“The plausibility standard requires a plaintiff to show at the pleading stage that success on the merits is more than a ‘sheer possibility.' It is not however, a ‘probability requirement.' ” Braden, 588 F.3d at 594 (citing Iqbal, 556 U.S. at 679) (citing Twombly, 550 U.S. at 570). “A complaint states a plausible claim for relief if its factual content . . . allows the court to draw the reasonable inference that the defendant is liable for the misconduct alleged.” Id. “[T]he complaint should be read as a whole, not parsed piece by piece to determine whether each allegation, in isolation, is plausible.” Id.

Plausibility . . . does not imply that the district court should decide whose version to believe, or which version is more likely than not. Indeed, the Court expressly distanced itself from the latter approach in Iqbal, “the plausibility standard is not akin to a probability requirement.” 129 S.Ct. at 1949 (quotation marks omitted). As we understand it, the Court is saying instead that the plaintiff must give enough details . . . to present a story that holds together. . . . [C]ould these things have happened, not did they happen.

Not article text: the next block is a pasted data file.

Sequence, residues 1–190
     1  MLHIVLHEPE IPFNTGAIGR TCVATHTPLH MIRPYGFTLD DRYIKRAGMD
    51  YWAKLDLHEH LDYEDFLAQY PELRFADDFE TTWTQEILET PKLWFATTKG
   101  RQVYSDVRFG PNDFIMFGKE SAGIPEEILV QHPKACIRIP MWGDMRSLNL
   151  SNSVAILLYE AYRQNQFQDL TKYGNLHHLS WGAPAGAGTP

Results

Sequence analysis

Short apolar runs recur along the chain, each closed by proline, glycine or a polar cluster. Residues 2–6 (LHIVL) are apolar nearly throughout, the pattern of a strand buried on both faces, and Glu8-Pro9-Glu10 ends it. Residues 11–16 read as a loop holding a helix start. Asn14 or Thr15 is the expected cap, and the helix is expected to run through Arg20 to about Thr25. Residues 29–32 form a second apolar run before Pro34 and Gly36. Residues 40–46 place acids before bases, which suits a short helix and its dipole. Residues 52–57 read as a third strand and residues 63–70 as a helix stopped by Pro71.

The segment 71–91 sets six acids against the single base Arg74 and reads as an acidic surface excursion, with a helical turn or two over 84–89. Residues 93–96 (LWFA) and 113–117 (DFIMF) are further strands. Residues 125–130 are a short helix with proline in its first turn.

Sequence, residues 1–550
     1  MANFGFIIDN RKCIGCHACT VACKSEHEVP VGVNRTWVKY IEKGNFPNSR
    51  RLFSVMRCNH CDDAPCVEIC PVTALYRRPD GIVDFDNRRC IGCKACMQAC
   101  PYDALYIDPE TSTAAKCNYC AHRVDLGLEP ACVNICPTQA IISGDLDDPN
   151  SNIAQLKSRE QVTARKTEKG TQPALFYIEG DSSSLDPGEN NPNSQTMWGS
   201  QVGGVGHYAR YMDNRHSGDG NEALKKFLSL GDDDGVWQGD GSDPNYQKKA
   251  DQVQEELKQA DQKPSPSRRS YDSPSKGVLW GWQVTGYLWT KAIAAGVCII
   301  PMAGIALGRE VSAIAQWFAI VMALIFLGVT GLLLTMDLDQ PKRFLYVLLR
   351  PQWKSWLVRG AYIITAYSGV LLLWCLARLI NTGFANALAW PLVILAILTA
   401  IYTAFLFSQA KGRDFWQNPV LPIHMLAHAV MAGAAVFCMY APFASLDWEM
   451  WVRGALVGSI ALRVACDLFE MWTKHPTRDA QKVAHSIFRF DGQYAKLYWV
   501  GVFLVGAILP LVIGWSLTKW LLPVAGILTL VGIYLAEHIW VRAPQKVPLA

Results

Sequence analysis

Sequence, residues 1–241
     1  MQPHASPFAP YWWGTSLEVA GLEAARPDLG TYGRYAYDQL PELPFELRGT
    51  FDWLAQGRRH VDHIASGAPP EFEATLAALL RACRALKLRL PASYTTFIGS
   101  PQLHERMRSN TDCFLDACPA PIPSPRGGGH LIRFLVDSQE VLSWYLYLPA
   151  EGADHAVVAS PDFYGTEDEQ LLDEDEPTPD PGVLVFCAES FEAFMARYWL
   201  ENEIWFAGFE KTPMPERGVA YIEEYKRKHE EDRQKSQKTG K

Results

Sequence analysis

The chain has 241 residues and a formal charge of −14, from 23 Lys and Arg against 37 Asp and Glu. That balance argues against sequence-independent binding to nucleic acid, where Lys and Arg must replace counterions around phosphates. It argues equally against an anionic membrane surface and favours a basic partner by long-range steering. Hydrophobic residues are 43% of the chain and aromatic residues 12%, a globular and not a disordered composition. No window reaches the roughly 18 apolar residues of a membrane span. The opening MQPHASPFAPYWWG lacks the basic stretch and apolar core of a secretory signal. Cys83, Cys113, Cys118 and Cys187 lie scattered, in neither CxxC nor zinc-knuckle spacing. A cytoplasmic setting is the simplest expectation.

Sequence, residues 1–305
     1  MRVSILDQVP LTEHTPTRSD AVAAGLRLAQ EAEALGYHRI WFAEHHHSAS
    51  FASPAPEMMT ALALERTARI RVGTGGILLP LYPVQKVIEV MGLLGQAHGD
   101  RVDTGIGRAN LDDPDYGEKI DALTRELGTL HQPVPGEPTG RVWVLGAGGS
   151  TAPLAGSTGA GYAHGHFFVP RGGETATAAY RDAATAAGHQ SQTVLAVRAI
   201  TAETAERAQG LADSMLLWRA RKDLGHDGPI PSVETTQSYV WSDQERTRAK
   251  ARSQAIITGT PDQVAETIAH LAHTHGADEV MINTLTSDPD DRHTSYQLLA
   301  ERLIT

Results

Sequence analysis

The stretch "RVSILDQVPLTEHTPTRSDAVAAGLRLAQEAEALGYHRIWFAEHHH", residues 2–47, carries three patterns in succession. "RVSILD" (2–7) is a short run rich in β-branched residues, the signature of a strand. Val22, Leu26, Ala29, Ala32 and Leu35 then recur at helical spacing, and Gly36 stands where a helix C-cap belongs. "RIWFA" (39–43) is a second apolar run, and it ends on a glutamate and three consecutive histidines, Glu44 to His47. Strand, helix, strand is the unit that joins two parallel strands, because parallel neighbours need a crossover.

Swanson v. Citibank, N.A., 614 F.3d 400, 404 (7th Cir. 2010) (emphasis in original). “In assessing a motion [to dismiss] . . . a court should . . . not dismiss [a] complaint ‘unless it appears beyond doubt that the [plaintiff] can prove no set of facts in support of [his] claim which would entitle [him] to relief.' ” Holloway v. Lockhart, 792 F.2d 760, 761 (8th Cir. 1986) (citing Conley v. Gibson, 355 U.S. 41, 45-46 (1957)).


         Plaintiff filed an 18-page complaint detailing his accusation against the defendant. (Docket 1). The complaint asserts four separate causes of action against the defendant. Those causes of action are: count I, bad faith; count II, barratry; count III, abuse of process; and count IV, punitive damages. (Docket 1 at pp. 15-18). Attached as exhibits to the complaint are the findings of fact and conclusions of law dated November 4, 2015, of an administrative law judge (“ALJ”) of the Division of Labor and Management of the South Dakota Department of Labor (“Division of Labor and Management Decision”) and the memorandum decision dated June 15, 2016, of Circuit Court Judge Mark Barnett of the Sixth Judicial Circuit of the State of South Dakota (“Circuit Court Decision”). (Dockets 1-1 and 1-2).